THE Chamber of Mines of the Philippines yesterday said President-elect Rodrigo Duterte should appoint an environment secretary who has enough background in natural resources management to get the right establishments to operate around mining communities.
“In light of recent developments, the Chamber of Mines of the Philippines would just like to stress its continuing advocacy for responsible mining to benefit Filipinos not just in mining communities but around the country,” said CoMP executive vice president Nelia Halcon.
“This as we stress the need for a Department of Environment and Natural Resources secretary who has a solid background on the intricacies of natural resources management and someone who is able to balance economic growth and the needs of the people with that of environmental protection, the protection of indigenous communities and the society,” Halcon added.
Halcon said the mining industry can help bring in the hard investments in the countryside and help realize inclusive growth.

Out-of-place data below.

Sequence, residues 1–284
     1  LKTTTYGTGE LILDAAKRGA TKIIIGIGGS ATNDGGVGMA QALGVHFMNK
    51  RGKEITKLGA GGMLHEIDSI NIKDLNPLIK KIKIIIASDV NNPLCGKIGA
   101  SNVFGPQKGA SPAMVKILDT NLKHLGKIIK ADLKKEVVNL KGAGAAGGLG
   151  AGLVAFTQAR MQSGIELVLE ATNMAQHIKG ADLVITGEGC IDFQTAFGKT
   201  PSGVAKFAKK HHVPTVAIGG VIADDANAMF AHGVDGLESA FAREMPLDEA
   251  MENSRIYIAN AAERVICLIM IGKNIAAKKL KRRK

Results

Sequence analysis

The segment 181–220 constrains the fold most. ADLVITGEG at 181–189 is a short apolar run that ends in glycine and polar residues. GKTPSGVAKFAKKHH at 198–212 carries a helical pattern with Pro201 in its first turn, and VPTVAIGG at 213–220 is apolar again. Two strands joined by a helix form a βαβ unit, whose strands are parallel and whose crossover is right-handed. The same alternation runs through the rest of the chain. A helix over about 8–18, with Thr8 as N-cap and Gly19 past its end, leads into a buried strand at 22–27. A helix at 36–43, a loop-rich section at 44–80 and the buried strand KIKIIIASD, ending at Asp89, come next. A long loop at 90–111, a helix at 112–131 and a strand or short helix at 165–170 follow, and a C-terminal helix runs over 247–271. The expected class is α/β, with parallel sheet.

“The establishment of mines in local communities results to economic progress, with more goods and services coming from the mine site. The outcome is a more robust tax take overall by government,” Halcon said.
Halcon said that mining companies and the next administration should focus on how to get the right SMEs to operate around the mine to provide the needs of the communities.
“The big revenue economic impact from mines is the economic linkages curve,” Halcon said.
Halcon noted that mining companies and the government should also know how to develop the right skills to be able to employ locals in mining activities.
“The multiplier effects of all these when valued can go beyond the tax payments of mining companies,” Halcon said.
CoMP also urged the government to resolve the conflicts in the implementation of the environmental provisions in the Philippine Mining Act and the Local Government Code.
“The $5.9 billion Tampakan Copper Gold project’s advancement from exploration to construction and development has been effectively prevented by the implementation of the South Cotabato Environmental Code that banned open-pit mining within the province,” Halcon said.
Halcon said that while “control” of mineral resources rests on the state, the local government perspective that they as local government should take control needs to be corrected.